Servitude back when
French historian Bartolome Bennassar in one of his books on Spain wrote: “Rich and powerful Spaniards have always had a fancy for domestic servants.”
When I happened upon his quote, it reminded me of an observation made by Fray Atanasio Dominguez, who came here to conduct an inspection of New Mexico’s churches in 1776.
In his report, he declared: “Most citizens have servants of different classes, for only as a last resort do they serve themselves.”
If that was so, even allowing for a bit of exaggeration, it seems strange that modern historians have said so little about the subject .
In plain fact, household servants were employed, beginning with the first settlement founded by Oñate’s colonists in 1598. Over the next century ranchers developed baronial estancias with spacious residences tended by small armies of domestics.
Juan Dominguez de Mendoza, for example, testified in the wake of the Pueblo Revolt that he had fled south to El Paso with 10 family members and 33 servants, abandoning his large Estancia de Atrisco.
The Franciscan missionaries also used servants from the Indian Pueblos to clean their churches and living quarters, do the cooking and grind grain on traditional stone metates.
Spanish law existed to protect servants, while at the same time placing them under the civil authority of their masters, civil orders to give them the respect due to parents .Nevertheless, instances of abuse in master-servant relations was brought to light in 1760 by Fray Juan Sanz. He reported the matter to the viceroy in Mexico City.
The New Mexico governor, it seems, was requiring the services of semaneros (weekly servants) from the Pueblos to come each Sunday in shifts of five men to haul firewood and five women to grind wheat and corn for the Governors Palace, without pay. Boys and girls were not excused from this work, Sanz complained. And married women, forced to go while pregnant, were having miscarriages because of the excessive labor and the long journey from their villages! In foot or horseback.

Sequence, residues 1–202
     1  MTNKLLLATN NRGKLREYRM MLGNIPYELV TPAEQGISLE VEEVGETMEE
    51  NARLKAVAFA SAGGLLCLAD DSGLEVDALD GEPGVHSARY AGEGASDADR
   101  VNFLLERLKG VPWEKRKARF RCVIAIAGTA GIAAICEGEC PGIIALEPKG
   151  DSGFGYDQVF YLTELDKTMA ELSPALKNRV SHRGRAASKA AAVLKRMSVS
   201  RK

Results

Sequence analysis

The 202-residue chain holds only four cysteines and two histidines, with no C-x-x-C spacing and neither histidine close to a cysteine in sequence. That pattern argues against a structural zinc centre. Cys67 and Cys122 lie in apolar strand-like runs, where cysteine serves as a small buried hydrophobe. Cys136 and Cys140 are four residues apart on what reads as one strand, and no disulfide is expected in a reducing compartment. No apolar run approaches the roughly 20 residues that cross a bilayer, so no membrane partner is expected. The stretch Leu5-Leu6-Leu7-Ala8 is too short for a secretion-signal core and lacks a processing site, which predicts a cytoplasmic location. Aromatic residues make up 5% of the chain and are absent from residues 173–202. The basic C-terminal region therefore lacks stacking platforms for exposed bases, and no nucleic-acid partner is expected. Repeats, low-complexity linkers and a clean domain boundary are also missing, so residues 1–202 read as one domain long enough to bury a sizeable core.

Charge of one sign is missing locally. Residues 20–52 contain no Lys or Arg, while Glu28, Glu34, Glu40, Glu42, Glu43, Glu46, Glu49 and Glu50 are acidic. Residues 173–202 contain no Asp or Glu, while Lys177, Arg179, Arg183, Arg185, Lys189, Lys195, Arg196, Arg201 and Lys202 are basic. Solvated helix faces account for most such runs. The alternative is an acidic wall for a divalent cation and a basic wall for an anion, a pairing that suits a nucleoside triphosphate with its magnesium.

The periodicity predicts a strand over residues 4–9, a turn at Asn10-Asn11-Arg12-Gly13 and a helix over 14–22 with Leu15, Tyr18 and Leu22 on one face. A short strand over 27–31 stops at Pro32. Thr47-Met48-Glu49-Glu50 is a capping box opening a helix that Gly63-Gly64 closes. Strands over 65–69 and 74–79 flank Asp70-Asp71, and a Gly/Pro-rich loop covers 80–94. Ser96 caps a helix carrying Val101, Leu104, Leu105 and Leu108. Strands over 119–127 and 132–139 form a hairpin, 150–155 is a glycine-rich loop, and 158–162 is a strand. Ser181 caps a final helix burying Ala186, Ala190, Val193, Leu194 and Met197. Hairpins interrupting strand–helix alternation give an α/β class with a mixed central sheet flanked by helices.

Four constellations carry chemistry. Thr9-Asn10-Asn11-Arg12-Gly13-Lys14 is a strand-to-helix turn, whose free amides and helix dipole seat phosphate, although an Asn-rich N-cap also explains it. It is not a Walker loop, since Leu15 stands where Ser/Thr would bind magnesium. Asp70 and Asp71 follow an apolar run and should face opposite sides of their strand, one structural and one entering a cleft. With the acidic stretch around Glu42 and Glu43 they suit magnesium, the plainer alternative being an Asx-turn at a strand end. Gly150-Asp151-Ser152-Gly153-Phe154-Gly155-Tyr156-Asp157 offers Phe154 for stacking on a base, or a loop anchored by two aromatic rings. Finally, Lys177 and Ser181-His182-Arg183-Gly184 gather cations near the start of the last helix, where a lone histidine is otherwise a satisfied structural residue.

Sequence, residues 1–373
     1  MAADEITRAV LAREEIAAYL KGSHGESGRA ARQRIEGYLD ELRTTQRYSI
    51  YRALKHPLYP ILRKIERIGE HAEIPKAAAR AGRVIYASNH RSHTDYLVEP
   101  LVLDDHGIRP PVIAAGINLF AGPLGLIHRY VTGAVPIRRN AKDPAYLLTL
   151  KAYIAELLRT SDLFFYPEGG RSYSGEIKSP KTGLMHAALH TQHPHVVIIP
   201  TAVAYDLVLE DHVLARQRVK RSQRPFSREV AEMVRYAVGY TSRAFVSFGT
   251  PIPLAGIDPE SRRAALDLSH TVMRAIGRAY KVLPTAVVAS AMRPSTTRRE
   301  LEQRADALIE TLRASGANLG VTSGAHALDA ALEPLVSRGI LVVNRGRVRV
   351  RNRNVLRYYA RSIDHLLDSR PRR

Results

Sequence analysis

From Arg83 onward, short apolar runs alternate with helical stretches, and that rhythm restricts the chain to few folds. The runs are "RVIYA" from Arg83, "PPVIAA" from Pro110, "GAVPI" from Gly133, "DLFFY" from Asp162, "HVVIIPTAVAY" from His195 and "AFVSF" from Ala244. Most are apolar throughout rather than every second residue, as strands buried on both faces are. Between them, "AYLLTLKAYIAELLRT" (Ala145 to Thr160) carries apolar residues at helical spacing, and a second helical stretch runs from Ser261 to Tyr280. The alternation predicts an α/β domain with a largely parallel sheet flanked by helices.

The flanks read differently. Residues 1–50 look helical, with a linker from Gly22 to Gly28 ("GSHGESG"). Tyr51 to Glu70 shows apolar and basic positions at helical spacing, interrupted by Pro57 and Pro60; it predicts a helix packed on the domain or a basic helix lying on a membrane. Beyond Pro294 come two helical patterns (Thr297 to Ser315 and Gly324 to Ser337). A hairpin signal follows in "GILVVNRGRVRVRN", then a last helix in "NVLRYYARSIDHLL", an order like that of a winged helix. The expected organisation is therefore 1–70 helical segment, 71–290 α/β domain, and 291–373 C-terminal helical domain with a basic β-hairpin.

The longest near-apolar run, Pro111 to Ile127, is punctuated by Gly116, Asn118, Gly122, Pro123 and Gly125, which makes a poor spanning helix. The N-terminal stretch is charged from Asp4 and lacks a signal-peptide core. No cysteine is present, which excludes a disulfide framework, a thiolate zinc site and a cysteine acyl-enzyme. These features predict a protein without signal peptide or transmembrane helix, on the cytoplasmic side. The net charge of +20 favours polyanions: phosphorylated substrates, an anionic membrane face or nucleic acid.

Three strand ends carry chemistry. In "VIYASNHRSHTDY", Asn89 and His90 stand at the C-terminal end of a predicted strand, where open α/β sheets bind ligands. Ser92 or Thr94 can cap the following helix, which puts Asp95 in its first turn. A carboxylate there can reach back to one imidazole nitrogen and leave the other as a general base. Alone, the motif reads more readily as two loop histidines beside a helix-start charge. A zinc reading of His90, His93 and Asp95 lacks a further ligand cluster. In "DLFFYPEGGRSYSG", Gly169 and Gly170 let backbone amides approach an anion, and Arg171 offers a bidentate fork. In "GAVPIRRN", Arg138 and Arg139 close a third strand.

But the alcaldes, or magistrates, had turned a deaf ear to the problem, while aware that past viceroys had forbidden such mistreatment of servants. I have yet to learn whether the current viceroy took any action in this case .
In 1665, then governor Fernando Villanueva appointed a royal inspector to search wagon caravans departing south. His mission was to find and arrest the many servants fleeing the -province and their master, while leaving behind their wives and children.
Another category of domestics was that of man-servant. The wealthiest New Mexicans of the colonial period usually had one or more of those . They would follow the master whenever he left the residence and assist him in small matters, such as holding the horse when he mounted, or watching the animal while its ovuer attended Mass or conferred with government officials. Most military officers who went on Indian campaigns took a man-servant. They were usually armed and thus could be counted upon to defend their master in the heat of battle.
Another chore had them rushing up when the master wished to dismount and removing his spurs beforehand. Especially in the early colonial period, the wheel-like rowels tended to be so large that they interfered with walking.
When later the rowels were reduced in size, men of importance continued to have their servant or page take them off anyway, since the mere act of removal by an underling had become a mark of lofty status.
New Mexico’s elite class persisted in keeping many servants well into the 19th century. Henry Connelly, a Santa Fe trader, married into a rich family near Los Lunas, inherited their estate, and was said to have employed 108 servants.
Still, that was not a record according to travel writer J.H. Beadle, who in the latter 1860s wrote of a New Mexico family he met which claimed 500 dependents. That number, though, included besides house servants also field laborers, cowboys and sheepherders.
During the late 1860s, the U.S. government issued federal orders abolishing servitude and peonage. With that, the old practices faded away.